Recommendations for kid-friendly places and things to do in Southeast Asia:
We usually patronize boutique hotels in walkable neighborhoods and historic centers. We’re foodies, and we’ll try most anything. Sadly, as things modernize a lot of street food gets increasingly pushed to the fringe, making way for Euro-palate-friendly muffins and breads which dominate the growing cafe scene across Asia. Take Khmer pastries – like breads stuffed with pork floss – you can only get them at bus stations and local shops, which can be a turn-off for many people who stick to the more beaten tourist tracks. We look for these foods.
- Ask the hotel staff to help you get a sim card. It’s US$2 for the sim, and US$20 load was sufficient for me to use the internet on my phone for the two weeks I was there. (Ask the seller to set you up for a month of internet service).
- Hotel and location – Find a hotel on the riverside or near Rue Francois Ngin and Rue Nokeokoummane, if you like to be in a bustling area (which even in the capital is hard to find). Things have gotten more expensive in Laos in the past 10 years because of the investment atmosphere, but a good-sized family room for us ran around US$67.
- Laundry – In other hotels in Vientiane, laundry was ~US$30 for 4kg, which was a few days’ laundry for the four of us (it’s the hot season and you change clothes more than once/day). This location seems to be a happening area – there are lots of travel agencies, lots of choices for local or international food and reasonable laundry prices eg US$1/kg).
- Food – Laotians love barbecues! Go to the riverside for dinner at least once and order laap, a traditional meat dish with a nice contrast of raw textures and flavors. Beer Lao is a nice light beer, and there is also a Beer Lao Dark which we like better. The riverside is a tourist area so for four people it can set you back ~US$30, which includes seafood and alcohol. At the intersection of Rue Francois Ngin, across from the Cafe Sinouk in the picture below, is an incredible street noodle seller. For ~US$1 you get a huge bowl of amazing Lao soup (portions in Laos tend to be bigger than in the rest of the region).
- Transport – Get a number from the concierge for the metered taxi as they aren’t plenty. To hire one for the day it is around US$70/day for a strict 8 hours, and that goes up if you are at an upscale hotel. Khamla seems to be a good guy, and I think he mentioned that a van for the day was ~US$85 (business card below).
- Get a sim card near your hotel. It’s US$1 for the sim, and US$20 load was sufficient for me to use the internet on my phone for the two+ weeks I was in the country. (Ask the seller to set you up for a month of internet service).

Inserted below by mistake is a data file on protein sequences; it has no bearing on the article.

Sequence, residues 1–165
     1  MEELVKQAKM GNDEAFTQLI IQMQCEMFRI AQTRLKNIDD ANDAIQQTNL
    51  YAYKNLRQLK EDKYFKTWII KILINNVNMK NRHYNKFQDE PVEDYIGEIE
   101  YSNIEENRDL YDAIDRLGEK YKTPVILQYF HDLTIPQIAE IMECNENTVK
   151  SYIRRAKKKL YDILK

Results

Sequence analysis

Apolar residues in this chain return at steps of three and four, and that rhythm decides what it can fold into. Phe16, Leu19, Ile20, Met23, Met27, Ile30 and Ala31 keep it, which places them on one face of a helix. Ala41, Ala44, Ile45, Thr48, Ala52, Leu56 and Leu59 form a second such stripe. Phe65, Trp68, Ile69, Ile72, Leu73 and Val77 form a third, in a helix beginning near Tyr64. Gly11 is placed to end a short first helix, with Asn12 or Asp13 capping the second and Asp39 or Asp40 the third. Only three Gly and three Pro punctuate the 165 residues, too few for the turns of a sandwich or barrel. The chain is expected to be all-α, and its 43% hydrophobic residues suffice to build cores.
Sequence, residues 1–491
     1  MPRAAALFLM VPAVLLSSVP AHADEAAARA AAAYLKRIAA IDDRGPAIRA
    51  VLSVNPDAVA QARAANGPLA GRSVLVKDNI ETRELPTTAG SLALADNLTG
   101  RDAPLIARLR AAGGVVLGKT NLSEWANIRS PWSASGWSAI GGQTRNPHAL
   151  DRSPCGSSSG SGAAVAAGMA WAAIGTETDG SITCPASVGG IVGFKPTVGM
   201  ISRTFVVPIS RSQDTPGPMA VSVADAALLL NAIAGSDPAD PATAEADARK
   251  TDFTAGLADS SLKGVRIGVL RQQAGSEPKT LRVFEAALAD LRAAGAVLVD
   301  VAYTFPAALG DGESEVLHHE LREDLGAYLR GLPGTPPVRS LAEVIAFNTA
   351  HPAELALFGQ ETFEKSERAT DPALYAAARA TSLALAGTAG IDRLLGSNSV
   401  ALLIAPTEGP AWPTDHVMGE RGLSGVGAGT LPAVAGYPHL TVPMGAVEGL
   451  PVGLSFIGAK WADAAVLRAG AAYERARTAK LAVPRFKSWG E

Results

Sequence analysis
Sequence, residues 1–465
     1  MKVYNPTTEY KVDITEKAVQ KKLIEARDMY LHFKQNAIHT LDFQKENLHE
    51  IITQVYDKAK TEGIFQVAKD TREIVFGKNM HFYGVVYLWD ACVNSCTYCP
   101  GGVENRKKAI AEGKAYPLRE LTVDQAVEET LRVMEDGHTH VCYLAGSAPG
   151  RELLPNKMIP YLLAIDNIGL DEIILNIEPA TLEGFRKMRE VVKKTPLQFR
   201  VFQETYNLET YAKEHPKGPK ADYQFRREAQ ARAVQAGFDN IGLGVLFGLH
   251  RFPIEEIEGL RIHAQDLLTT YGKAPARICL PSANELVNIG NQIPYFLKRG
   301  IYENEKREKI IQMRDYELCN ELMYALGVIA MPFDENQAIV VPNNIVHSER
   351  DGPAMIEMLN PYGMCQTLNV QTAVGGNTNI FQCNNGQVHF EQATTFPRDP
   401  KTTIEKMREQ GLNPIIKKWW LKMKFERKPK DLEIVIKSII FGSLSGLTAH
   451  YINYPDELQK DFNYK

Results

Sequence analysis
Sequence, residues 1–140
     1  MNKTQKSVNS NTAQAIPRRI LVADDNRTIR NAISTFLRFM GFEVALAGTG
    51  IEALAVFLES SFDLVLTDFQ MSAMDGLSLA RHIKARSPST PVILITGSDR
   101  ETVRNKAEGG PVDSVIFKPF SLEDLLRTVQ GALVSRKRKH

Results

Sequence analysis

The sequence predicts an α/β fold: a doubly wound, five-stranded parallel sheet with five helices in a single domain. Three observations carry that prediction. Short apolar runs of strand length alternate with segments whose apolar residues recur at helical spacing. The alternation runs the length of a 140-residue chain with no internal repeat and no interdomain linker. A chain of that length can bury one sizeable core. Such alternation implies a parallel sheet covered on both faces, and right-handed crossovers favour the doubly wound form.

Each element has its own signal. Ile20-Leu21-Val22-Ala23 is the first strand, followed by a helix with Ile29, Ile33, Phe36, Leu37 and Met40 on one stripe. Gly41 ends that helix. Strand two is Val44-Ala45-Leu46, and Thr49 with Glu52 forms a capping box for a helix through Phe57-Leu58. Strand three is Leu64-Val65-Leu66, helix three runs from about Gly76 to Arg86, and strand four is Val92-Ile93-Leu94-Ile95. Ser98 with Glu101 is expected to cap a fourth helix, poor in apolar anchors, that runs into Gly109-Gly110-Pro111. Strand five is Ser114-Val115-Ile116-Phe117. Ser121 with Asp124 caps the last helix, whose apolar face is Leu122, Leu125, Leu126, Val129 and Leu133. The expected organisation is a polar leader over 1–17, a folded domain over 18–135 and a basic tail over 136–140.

- Hotel and location – I can’t recommend Hanoi Paradise Hotel in the Old Quarter enough. It is a FANTASTIC place for families and professionals to stay, with staff so incredibly helpful I thought they were family-run (they’re not related). There’s a small indoor pool where you’ll meet other families with kids. Rooms are big, but unfortunately few rooms have windows to the street. Old Quarter is awesome for the culture, history and food. Just get out there and get lost in the chaos (sidewalks are not for walking!). People are friendly and helpful.
- Laundry – Prices are reasonable, within US$1.50/day. Leave your laundry in your room’s laundry basket for daily collection.
- Food – Get out on the street and try everything! The food is fantastic and there are lots of options in Old Quarter. Just outside to the left of the hotel is a really good bun chaa seller. Bun chaa is barbecued pork patties served with about 6 other small side dishes that you can mix into a bowl of vermicelli noodles. If you want to try one of the oldest restaurants that serve this meal, go to the famous Bun Cha Nem Cua Be Dac Kim (pictured below at 67 Duong Thanh Street, Old Quarter). Staff at Hanoi Paradise Hotel will tell the cab where to take you (not far from the hotel). Home brewed beer – if that’s your thing – is cheap and available everywhere. So is coffee (try an egg latte!)! Great to sit at the short stools on the street and people watch.
- Taxi – There are so many metered taxi companies, and it was so easy to call one when at the hotel (arrives within 2 minutes of calling the dispatcher) or flag one on the streets, that we never bothered to hire a taxi for the day. It is ~US$2-5 to get anywhere within the city (extremely reasonable).
Huế , Vietnam:
- Hotel – We at stayed at Thanh Noi Hotel, a 5 minute walk from the Imperial City (Citadel) – most people stay across the Huong River. It has an outdoor pool, a set menu breakfast including some local food, Wi-Fi.
- Laundry – It was about US$1.50/kg so it wasn’t too bad.
- Food – I should write a post on the foods here. As foodies we loved Vietnam and Hue! Find a great guide (ours was our taxi driver, below). Whether s/he speaks English is irrelevant because everyone knows someone who does speak English (who they will get on the phone to talk to you) and you will somehow get your request across – you won’t be disappointed! Don’t leave this city without ordering and trying these foods: bánh canh cá lóc, bun bo huế, cơm hến.